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Tinnitus

General characteristics

General characteristics

The word tinnitus comes form the Latin word for 'ringing'. It is described as the perception of sound/s without any external corresponding cause for the sound. It is not a disease in its own right but rather a symptom.

The sound seems to be generated within the ears or head and may take the form of ringing, whirring or whooshing and be high, low or mid pitched. Sometimes the tinnitus is heard in one ear only, it may also be pulsatile (in rhythm with the pulse or heart beat). Tinnitus may be continuous, sporadic or a one off event and it is very common to suffer from it at some point during ones life.

 

The actual mechanism by which tinnitus occurs is not fully understood but it is assumed that blood vessels and nerves in the ear and auditory system are implicated. Often there is no discernible cause. Occasionally the tinnitus may be a sign of a more serious condition and so should be investigated, especially if the onset is sudden or the noise is severe and interrupting normal life.

 

Many things can cause or worsen tinnitus such as loud music, loud noises, using headphones, getting older, stress and anxiety, a bang to the head, perforated ear drum, ear infections, catarrh, ear wax build up, sinus infection, long term aspirin use, other medications (e.g. antibiotics, antidepressants), anaemia and B12 deficiency, high or low blood pressure, thyroid disease, hardened or furred arteries in the head/ear region, impacted teeth or tooth decay, Menieres disease and tumours.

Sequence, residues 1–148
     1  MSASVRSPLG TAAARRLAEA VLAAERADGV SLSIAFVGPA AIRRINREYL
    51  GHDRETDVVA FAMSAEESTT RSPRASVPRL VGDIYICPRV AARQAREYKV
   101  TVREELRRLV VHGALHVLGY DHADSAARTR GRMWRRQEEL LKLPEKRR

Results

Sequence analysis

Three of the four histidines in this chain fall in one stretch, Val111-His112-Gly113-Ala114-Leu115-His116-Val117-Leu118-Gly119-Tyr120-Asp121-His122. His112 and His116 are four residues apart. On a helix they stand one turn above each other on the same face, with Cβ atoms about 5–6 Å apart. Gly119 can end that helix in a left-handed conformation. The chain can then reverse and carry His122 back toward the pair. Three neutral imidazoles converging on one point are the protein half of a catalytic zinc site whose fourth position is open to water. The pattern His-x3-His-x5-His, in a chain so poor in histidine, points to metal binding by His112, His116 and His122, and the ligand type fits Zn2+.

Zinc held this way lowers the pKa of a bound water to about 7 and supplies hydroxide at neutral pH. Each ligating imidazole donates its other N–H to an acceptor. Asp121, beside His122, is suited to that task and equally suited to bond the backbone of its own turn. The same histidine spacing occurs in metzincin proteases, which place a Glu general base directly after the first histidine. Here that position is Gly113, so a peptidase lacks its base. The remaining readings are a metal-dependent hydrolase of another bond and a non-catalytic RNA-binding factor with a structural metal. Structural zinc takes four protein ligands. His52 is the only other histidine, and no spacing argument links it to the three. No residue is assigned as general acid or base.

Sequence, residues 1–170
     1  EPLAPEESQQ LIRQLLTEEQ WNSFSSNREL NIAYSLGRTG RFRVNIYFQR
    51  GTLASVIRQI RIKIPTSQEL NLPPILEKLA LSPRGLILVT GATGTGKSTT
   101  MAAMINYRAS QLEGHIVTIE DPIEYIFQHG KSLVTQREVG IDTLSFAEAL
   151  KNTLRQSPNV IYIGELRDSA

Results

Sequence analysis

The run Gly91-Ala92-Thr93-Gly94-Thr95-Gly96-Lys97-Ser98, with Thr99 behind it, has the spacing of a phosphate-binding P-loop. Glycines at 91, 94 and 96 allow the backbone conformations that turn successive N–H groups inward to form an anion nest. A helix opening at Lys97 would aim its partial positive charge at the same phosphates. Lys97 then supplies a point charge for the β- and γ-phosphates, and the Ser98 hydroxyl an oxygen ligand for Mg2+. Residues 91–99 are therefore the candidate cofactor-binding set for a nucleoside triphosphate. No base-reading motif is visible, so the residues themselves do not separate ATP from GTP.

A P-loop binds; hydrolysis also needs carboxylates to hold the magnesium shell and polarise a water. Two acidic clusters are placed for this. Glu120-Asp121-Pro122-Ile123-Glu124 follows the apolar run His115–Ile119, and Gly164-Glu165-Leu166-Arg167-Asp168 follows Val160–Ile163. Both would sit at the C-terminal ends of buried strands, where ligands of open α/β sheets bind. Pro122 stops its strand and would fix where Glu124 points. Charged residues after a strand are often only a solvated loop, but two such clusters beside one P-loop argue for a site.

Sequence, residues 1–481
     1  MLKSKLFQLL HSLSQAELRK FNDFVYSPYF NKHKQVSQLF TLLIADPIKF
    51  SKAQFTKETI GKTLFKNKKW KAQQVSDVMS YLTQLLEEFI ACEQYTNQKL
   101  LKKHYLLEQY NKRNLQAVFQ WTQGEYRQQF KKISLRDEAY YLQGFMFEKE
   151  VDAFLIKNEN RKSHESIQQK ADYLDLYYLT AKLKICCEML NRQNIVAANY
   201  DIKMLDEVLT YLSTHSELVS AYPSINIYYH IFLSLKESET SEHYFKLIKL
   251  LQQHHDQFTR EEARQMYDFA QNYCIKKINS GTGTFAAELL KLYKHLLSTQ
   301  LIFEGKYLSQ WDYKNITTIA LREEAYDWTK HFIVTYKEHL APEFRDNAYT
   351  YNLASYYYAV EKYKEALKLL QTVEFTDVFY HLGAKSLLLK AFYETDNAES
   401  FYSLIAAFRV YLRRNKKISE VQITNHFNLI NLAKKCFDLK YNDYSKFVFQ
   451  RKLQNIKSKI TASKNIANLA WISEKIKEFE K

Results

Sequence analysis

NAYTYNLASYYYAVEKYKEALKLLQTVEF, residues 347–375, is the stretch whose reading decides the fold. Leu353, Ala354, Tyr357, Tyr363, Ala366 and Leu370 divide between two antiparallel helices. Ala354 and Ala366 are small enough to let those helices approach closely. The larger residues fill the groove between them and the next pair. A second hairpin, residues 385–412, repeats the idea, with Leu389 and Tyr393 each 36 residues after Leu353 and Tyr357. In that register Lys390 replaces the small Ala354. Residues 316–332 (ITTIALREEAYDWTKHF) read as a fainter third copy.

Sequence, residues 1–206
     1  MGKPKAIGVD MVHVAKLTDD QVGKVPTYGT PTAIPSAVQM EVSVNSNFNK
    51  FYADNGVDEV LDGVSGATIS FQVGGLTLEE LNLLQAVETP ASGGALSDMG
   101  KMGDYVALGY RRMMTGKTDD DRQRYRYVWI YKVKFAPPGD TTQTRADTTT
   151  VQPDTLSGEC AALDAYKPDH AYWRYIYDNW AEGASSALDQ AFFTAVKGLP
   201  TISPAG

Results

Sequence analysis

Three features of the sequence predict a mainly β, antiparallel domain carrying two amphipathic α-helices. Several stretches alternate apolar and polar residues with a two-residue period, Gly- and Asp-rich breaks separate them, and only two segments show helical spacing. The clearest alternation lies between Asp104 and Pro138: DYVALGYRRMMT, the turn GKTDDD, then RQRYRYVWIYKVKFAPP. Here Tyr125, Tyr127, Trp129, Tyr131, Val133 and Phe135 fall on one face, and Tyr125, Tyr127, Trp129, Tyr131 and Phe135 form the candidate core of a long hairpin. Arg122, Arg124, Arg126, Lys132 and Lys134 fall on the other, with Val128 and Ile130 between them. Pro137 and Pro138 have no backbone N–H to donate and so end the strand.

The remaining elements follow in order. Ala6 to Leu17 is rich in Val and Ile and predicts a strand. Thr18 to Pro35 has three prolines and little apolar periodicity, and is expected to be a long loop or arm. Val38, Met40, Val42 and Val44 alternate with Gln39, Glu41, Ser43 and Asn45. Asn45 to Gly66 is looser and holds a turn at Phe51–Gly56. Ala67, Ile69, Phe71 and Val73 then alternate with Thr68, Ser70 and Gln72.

Diet and lifestyle

Diet and lifestyle

Eat foods rich in co-enzyme Q10 (e.g. wheat germ and the germ of any grain), vitamin B12 (e.g. good quality red meat) and zinc (e.g. pumpkin seeds).

 

Take a tablespoon daily of organic blackstrap molasses for its rich nutrient content.

 

Eat at least one clove of raw garlic daily with meals.

 

Some people find that avoiding all salt for a while helps to reduce or eliminate their symptoms.


Useful herbs

Useful herbs

Ginkgo has proved useful for many people who have suffered from tinnitus. Ginkgo has a thinning effect on the blood and helps to improve blood flow to the entire head region. Take a couple of cups of tea daily or 2 teaspoons of tincture daily.

 
If anxiety and stress are the cause try equal parts of tinctures of skullcap, passionflower, vervain, st johns wort and hops. take a teaspoon of the mix 3 times daily in a little water.
 
When associated with blood vessel disorders try equal parts of tinctures or dried herbs of hawthorn berries, hawthorn blossoms, yarrow and limeflowers, with a pinch or dash of cayenne added to each dose.
 
Black cohosh tincture can be added to any of the above formulas for its beneficial effects on the blood vessels and nerves.
 
Mullein tincture or tea is also used to help tinnitus.
 
Ground ivy and horsetail tea is another old fashioned remedy for 'ringing in the ears'.
 

Natural healing

Natural healing

Many people have found that acupuncture sessions can help to reduce or eliminate their tinnitus.

 

An old gypsy remedy for tinnitus is to put a few drops of fresh onion juice in each ear.


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